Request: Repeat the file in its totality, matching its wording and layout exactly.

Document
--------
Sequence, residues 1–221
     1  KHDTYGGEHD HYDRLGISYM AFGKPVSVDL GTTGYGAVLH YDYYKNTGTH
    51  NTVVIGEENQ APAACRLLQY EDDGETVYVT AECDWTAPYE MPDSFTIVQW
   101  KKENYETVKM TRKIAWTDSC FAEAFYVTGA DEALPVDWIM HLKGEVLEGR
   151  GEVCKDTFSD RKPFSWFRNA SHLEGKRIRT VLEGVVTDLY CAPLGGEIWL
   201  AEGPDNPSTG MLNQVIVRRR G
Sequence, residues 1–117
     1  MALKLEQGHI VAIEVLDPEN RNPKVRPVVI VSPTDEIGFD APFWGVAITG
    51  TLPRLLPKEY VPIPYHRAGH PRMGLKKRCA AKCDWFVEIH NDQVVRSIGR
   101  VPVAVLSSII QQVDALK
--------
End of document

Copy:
Sequence, residues 1–221
     1  KHDTYGGEHD HYDRLGISYM AFGKPVSVDL GTTGYGAVLH YDYYKNTGTH
    51  NTVVIGEENQ APAACRLLQY EDDGETVYVT AECDWTAPYE MPDSFTIVQW
   101  KKENYETVKM TRKIAWTDSC FAEAFYVTGA DEALPVDWIM HLKGEVLEGR
   151  GEVCKDTFSD RKPFSWFRNA SHLEGKRIRT VLEGVVTDLY CAPLGGEIWL
   201  AEGPDNPSTG MLNQVIVRRR G
Sequence, residues 1–117
     1  MALKLEQGHI VAIEVLDPEN RNPKVRPVVI VSPTDEIGFD APFWGVAITG
    51  TLPRLLPKEY VPIPYHRAGH PRMGLKKRCA AKCDWFVEIH NDQVVRSIGR
   101  VPVAVLSSII QQVDALK